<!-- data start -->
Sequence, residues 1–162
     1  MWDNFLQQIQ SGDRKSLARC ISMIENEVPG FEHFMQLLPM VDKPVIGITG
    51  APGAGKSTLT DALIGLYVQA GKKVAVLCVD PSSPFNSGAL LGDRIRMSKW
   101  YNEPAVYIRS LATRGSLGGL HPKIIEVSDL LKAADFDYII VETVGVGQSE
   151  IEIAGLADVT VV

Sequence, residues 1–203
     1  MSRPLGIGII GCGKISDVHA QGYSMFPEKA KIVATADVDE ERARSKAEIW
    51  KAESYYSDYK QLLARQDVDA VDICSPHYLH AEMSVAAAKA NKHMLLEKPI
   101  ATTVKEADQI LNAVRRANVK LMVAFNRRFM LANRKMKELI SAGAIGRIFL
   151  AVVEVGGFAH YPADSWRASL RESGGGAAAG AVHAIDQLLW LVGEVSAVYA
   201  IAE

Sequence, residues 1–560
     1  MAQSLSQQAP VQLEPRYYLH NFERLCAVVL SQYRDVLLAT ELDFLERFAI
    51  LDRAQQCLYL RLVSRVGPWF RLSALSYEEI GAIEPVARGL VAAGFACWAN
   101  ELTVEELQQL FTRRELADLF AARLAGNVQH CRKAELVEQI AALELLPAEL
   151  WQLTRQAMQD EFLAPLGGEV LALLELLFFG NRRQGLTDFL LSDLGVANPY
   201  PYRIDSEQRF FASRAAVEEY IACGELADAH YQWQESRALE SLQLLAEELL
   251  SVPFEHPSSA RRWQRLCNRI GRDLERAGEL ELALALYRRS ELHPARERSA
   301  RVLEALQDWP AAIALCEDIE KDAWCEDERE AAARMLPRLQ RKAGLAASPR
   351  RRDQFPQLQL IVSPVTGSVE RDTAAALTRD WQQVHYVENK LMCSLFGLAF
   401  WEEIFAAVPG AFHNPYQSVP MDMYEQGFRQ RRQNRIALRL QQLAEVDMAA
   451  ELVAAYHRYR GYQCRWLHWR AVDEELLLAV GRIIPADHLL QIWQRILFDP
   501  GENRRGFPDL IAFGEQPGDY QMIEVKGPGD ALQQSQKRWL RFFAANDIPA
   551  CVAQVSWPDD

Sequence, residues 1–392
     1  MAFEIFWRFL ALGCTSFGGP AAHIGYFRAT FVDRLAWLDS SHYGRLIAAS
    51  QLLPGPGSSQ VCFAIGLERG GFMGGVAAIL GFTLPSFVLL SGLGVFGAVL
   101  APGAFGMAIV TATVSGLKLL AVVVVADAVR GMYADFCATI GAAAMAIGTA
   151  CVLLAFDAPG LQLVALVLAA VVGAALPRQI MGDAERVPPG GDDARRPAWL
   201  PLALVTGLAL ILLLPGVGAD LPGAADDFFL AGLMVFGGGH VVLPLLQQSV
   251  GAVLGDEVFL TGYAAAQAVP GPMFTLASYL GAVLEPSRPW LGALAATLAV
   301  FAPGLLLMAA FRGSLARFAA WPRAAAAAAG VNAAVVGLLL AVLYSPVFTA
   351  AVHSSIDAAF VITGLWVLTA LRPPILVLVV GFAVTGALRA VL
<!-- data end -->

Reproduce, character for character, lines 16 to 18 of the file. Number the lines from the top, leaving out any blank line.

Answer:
   151  WQLTRQAMQD EFLAPLGGEV LALLELLFFG NRRQGLTDFL LSDLGVANPY
   201  PYRIDSEQRF FASRAAVEEY IACGELADAH YQWQESRALE SLQLLAEELL
   251  SVPFEHPSSA RRWQRLCNRI GRDLERAGEL ELALALYRRS ELHPARERSA